“What is your mission?”
If you asked me this question during university, I would have given you the answer I think you’d want to hear: my mission is to know Jesus and make him known, and we would have both walked away with our boxes checked and smiles on our faces.
The problem wasn’t that I didn’t believe that this was my mission; I did. The problem was that this mission—Jesus’ mission—was at war with other missions I was hoping to accomplish with my life.
Defining my glorious future to conquer the world
These other missions would have read something like: my goal in life is to become someone people look up to, to make as much money as I can (of which I would give some away, of course), and to have an enjoyable life. This vision of the future had been planted when I was very young and was watered by friends, movies and hours of dreaming and planning on my own.
So when it came down to it, I knew the correct answer, but I had a very hard time fully and truly saying yes to Jesus’ mission because it was at odds with my personal mission to conquer the world. And I think I’m not the only one who experiences dissonance between what I should say (the Sunday school answer) and what I secretly am working towards (the real answer). I think each of us has a deep struggle to actually say yes to Jesus, especially when it infringes on the other missions we’re pursuing.
Systems check. How do I make Jesus’ mission my real mission?
With this in mind, how do we actually make Jesus’ mission our mission? I have two thoughts:
First, identify the story you are trying to tell with your life.
To be honest with you, when I was in university I don’t know that I could have clearly identified the actual things I was trying to chase down with my life. So many of them were just assumed.
By identifying them, I began to recognize that there were areas in my life that made it especially hard for me to make Jesus’ mission my own.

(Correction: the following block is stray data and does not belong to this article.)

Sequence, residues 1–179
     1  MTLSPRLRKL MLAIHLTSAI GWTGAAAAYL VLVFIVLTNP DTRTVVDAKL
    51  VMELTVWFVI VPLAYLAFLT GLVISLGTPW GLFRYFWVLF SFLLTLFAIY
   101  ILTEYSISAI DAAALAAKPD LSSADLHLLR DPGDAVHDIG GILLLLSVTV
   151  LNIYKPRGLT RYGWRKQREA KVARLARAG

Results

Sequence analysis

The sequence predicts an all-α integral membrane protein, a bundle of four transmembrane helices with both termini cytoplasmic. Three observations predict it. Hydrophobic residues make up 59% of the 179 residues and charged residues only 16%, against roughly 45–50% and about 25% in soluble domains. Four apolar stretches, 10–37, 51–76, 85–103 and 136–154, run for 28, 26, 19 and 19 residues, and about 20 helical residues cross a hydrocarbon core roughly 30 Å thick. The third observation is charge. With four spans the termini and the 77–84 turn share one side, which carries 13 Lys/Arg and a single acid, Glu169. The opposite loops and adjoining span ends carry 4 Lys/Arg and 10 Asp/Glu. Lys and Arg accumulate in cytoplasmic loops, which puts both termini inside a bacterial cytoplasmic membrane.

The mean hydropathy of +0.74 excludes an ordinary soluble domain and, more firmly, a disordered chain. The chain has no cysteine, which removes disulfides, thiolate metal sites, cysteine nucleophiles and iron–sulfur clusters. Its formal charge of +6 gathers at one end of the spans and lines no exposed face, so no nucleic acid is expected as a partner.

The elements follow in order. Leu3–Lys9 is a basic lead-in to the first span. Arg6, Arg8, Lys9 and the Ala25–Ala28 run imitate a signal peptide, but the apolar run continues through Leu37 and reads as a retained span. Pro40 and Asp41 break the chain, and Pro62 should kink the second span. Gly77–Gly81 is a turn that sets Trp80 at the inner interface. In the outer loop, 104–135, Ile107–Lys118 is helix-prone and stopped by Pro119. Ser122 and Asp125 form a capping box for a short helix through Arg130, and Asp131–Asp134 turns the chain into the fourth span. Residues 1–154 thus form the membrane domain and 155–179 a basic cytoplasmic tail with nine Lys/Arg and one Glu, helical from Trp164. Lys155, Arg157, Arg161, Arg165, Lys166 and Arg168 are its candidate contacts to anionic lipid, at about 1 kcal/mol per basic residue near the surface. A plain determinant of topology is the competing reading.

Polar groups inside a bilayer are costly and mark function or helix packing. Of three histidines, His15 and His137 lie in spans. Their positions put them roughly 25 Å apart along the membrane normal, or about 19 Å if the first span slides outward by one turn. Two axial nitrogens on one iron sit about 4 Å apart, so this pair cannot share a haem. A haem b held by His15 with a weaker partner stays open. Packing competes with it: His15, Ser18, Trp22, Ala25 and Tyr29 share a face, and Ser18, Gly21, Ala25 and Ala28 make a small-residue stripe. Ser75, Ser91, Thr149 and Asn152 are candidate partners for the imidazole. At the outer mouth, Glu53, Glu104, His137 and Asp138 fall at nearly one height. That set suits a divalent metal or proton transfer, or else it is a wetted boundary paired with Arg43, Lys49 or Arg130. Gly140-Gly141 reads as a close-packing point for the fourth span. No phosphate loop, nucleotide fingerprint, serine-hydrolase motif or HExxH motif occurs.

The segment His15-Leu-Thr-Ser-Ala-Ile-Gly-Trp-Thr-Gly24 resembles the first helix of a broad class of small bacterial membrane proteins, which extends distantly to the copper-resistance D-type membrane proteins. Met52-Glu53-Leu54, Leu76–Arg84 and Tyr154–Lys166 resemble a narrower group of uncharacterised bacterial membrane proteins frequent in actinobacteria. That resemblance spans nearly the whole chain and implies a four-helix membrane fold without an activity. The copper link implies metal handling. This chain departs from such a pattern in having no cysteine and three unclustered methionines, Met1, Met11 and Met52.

For example, I battled with sexual purity, which was linked to my vision of an enjoyable life. I also struggled to reach out or become friends with those who I didn’t like or who would make me look bad, which was connected to my wanting to be someone that people thought was cool, someone who doesn’t get rejected.
I think we’re all faced with choices every day, big and small, which ultimately show to whom is our primary allegiance and which mission, or which goal, we’re running towards.
Pay close attention to these areas. These are areas over which God wants to be Lord (master, ruler). And when we shut him out, we shrink his kingdom in our life and our ability to engage in his mission.
Second, allow the gospel story to eclipse your story, especially where you don’t want it to.
Theologian William Cavanaugh writes of the importance of having our hearts and imaginations “conscripted” into God’s story.  The more we know the beauty of King Jesus laying down his status, his claim to all the riches in the world, and the comforts of the Triune God, for people who would reject and ultimately kill him, the easier it becomes for us to follow him.
When the dramatic truth of King Jesus eclipses my plans I’m much less likely to see him as a cosmic killjoy. I see him as someone who’s only calling me to give up something much smaller than he gave up for me.
Stop stretching after fool’s gold
In the end, we need to give up our hopes for his: to let go of our own mini-missions for his Grand Mission. We need to come to the realization that what for which we are longing isn’t the ultimate good.
Canadian author Ian Weir expresses our mangled desires in this thought: “I wanted something lovelier and worse. But here I was, stuck with it and settling for the best.” 
I believe this is the same realization to which we need to come as Christians. We want our stories to come true—all our lovely dreams of love, status, money—but in the end these dreams are only fool’s gold, “worse” as Weir says. When we let go of our small dreams, Jesus’ mission can become our own and we can see ourselves and others conscripted into a true story of ultimate importance, hope and satisfaction.
- William Cavanaugh, “Theopolitical Imagination: Christian Practices of Space and Time”, page 1.
- Ian Weir, “Daniel O’Thunder”, page 287.
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